Biomedical, Engineering and physical science
High Sensitivity Detection of Contaminates in Heparin
Heparin is known for its uses as an anticoagulant. Since heparin is a naturally occurring polysaccharide, it needs to be purified for human use. Heparin lots could be contaminated by a related molecule called oversulfated chondroitin sulfate (OSCS). OSCS is unsafe for human use and results in a variety of reactions including severe anaphylaxis, drop in blood pressure, and possible death. The FDA requires all heparin lots be tested for purity before they are manufactured into medications. Several methods exist for detection of OSCS; however, they are not always very accurate or sensitive. Some detection methods are capable of sensing very small levels of contamination but they cannot detect larger levels of the impurity, requiring multiple methods be used which is costly and fraught with a high margin of error.
This method is able to detect an amount as low as 10-9 % w/w OSCS in heparin, about 6 orders of magnitude more sensitive than current tests. This test can be performed rapidly with some levels of contamination apparent in a matter of minutes and full sensitivity after a half hour. The test consists of a gold nanoparticle sensor covered with heparin and a dye. The contaminant is an inhibitor of the enzyme heparitinase. When the heparin lot in question is pure, the enzyme will cause the nanosensor to fluoresce. When the lot is contaminated, the enzyme will not disrupt the sensor’s heparin coating and will not activate the dye. The figure shows the relative radiant efficiencies to the amount of contamination.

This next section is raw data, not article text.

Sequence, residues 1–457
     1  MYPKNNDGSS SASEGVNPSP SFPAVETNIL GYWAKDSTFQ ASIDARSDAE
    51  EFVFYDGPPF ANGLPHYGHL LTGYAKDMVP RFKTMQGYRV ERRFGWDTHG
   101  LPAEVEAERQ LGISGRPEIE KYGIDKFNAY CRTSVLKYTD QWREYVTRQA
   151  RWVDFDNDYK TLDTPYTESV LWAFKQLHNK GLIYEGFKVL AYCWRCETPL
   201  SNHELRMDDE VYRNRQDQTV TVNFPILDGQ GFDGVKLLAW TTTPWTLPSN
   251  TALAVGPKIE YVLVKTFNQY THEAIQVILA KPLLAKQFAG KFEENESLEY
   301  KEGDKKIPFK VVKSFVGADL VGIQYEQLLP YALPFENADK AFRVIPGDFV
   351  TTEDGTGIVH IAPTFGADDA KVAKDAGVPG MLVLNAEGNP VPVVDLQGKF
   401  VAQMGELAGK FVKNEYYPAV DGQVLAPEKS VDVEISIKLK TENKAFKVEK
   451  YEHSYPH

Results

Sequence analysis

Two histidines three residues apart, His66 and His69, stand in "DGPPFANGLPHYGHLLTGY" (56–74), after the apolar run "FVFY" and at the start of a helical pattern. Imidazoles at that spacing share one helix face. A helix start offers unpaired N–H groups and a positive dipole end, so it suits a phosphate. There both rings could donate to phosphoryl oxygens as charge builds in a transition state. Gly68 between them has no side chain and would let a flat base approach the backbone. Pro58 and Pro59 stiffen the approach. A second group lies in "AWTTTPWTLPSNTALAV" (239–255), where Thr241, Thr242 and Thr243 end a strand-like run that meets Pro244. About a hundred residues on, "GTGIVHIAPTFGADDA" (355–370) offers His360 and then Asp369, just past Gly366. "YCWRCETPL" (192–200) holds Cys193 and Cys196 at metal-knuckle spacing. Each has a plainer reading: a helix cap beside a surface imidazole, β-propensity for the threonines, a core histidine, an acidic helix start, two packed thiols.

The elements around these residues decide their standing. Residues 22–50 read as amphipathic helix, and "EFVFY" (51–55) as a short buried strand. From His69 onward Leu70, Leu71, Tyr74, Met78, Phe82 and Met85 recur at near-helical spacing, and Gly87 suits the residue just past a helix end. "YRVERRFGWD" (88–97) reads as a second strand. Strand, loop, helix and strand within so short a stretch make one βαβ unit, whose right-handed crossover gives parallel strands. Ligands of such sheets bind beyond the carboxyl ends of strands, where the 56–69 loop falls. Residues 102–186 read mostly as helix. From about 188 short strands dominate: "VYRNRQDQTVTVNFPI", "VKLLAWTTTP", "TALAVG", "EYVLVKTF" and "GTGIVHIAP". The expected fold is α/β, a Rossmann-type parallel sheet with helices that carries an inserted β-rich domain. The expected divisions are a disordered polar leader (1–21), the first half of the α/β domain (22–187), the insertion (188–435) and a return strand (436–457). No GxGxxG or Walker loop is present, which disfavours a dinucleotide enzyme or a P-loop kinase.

In vivo imaging system validation of the sensitivity of the fluorescent detection to 10-9 % w/w OSCS impurity.